Searching “Anatomy of melancholy” in my hard disk I came across a paper discussing the astrological skills of his author, Robert Burton.
The paper (1) makes some interesting points about how much Burton was inside astrology, and highlights the fact the chart Burton casts in the preface of the book is a not the real birth chart but a rectified one.
The actual birth time was around 9 a.m (2) but it’s likely Burton in a book about Melancholy would prefer to have Saturn smashed on the MC rather than falling in the 9th house
The rectification is based on the method known as Animodar, and mentioned in Ptolemy’s Tetrabiblos. (3)
We must, then, take the syzygy most recently preceding the birth, whether it be a new moon or a full moon; and, likewise having ascertained the degree accurately, of both the luminaries if it is a new moon, and if it is a full moon that of the one of them that is above the earth, we must see what stars rule it at the time of the birth. In general the mode of domination is considered as falling under these five forms: when it is trine, house, exaltation, term, and phase or aspect; that is, whenever the place in question is related in one or several or all of these ways to the star that is to be the ruler. If, then, we discover that one star is familiar with the degree in all or most of these respects, whatever degree this star by accurate reasoning occupies in the sign through which it is passing, we shall judge that the corresponding degree is rising at the time of the nativity in the sign which is found to be closest by the method of ascensions.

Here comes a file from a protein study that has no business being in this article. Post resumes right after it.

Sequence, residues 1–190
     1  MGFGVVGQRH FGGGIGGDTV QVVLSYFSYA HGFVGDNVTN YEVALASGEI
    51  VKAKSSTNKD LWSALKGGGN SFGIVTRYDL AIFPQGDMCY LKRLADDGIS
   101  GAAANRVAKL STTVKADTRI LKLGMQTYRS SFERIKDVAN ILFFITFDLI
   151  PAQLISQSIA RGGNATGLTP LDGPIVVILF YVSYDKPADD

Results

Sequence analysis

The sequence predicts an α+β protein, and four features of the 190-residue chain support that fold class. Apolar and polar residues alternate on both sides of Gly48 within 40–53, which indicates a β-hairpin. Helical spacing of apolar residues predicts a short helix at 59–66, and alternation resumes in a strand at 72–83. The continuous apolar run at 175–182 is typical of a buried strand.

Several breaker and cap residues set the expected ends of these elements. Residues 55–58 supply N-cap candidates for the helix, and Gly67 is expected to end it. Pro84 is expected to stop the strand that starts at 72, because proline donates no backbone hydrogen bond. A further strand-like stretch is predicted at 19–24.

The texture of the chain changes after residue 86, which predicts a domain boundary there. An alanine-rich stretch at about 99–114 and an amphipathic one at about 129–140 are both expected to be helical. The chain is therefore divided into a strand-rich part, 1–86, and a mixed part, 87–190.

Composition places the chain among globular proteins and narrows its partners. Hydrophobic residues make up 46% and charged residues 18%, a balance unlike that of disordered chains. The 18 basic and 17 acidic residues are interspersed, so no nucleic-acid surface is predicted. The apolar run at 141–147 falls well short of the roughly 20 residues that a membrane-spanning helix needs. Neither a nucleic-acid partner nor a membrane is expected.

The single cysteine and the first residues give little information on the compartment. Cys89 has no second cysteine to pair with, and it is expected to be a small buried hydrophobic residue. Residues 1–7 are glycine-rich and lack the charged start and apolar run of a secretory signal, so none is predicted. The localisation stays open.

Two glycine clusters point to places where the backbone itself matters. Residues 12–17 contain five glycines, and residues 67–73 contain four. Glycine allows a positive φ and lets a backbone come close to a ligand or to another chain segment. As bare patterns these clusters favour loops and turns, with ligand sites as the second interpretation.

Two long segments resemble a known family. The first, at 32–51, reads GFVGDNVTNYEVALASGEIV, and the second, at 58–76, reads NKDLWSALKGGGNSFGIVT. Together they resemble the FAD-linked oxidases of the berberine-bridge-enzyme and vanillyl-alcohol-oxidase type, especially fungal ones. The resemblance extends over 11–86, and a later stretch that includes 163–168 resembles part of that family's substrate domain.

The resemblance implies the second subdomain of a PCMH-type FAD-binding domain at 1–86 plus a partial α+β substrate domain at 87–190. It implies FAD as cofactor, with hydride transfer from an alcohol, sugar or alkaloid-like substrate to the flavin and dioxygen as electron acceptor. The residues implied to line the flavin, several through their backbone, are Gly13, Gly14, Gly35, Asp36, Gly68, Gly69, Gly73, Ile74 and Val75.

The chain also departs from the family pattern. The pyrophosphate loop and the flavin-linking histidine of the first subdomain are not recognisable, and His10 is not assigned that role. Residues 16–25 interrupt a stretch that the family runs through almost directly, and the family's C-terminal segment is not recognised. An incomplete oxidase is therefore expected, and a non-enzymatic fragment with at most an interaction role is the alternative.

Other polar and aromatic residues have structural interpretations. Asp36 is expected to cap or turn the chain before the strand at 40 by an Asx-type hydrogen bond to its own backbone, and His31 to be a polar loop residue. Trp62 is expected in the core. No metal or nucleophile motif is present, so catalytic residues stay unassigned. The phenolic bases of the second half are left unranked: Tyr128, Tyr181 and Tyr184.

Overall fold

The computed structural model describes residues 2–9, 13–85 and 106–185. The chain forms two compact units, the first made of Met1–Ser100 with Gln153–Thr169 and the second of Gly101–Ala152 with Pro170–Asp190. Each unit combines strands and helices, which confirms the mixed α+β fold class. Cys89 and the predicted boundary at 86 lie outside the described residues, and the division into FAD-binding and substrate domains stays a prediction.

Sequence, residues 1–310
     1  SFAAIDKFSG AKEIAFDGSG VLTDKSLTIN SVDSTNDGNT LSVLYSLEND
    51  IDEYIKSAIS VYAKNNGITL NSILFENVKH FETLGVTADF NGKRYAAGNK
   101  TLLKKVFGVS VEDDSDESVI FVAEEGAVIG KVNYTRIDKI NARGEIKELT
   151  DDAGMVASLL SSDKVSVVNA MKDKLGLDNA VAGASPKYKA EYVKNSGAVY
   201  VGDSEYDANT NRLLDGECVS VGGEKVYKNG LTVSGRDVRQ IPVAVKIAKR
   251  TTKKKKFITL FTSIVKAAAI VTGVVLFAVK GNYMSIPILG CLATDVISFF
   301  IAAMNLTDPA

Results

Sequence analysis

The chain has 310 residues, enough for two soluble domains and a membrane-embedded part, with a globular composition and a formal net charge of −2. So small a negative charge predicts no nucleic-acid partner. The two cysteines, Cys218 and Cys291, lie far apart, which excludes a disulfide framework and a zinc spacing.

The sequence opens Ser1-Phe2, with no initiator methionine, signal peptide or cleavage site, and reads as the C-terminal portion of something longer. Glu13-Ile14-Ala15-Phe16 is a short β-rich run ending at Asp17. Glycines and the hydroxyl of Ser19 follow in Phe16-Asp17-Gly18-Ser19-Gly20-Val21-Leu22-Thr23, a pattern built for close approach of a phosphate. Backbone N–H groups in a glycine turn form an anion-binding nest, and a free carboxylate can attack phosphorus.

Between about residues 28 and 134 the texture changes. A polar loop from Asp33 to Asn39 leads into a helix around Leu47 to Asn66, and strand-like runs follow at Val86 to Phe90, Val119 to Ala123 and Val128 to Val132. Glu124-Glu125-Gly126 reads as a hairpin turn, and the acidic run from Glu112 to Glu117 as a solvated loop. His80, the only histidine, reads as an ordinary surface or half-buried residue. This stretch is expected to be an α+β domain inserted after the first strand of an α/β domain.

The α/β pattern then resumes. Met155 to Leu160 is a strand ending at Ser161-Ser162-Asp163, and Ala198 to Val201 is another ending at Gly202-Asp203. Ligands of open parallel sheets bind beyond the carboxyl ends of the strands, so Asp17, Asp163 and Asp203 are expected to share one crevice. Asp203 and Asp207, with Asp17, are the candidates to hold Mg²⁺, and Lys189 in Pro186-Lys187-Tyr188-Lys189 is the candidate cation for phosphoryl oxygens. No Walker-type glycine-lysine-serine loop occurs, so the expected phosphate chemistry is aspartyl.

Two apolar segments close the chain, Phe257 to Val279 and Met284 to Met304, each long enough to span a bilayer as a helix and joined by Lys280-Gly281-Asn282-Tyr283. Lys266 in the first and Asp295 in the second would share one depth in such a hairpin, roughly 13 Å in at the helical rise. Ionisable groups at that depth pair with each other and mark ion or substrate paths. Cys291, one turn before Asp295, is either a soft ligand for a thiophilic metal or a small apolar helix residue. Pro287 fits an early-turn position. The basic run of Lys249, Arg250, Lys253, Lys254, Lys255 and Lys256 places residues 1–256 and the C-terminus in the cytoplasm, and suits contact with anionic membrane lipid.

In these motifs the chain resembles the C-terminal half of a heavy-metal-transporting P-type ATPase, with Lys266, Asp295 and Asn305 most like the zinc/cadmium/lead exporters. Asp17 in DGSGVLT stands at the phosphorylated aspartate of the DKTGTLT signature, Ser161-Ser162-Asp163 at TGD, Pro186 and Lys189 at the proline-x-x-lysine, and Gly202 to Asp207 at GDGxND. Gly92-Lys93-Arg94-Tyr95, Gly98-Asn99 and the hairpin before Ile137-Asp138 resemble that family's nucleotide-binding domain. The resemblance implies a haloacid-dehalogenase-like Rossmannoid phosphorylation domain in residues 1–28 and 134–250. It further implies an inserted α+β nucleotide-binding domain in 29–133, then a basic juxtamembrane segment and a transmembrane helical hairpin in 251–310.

Let’s start from the modern chart, cast for February, 8th 1577 Higham on the Hill
Then we can cast a chart for the preceding syzygy which falls on February, 3rd
The Light above the horizon is the Moon, so we should look for the planets with more dignities.
Burton is not very sophisticated so he just considers Moon is in Leo, which is ruled by the Sun by domicile.
So he eventually look for the Sun’s degree for the February, 8th – his birthday and moves the Aries Ascendant in the very same degree as the Sun, 28°46′.
That’s all 🙂
For modern astrologers, who are unfamiliar with traditional astrology, that’s a real chart, but obviously it is not. Enjoy 🙂
(1) B. Bamborough and J. C. Eade, Robert Burton’s Astrological Notebook, 1981
(3) Ptolemy, Quadripartite, Of the Degree of the Horoscopic Point, III, 2 Robbins translation
(4) Robert Burton, The Anatomy of Melancholy, What it is: With all the Kinds, Causes, Symptomes, Prognostickes, and Several Cures of it. In Three Maine Partitions with their several Sections, Members, and Subsections. Philosophically, Medicinally, Historically, Opened and Cut Up, 1621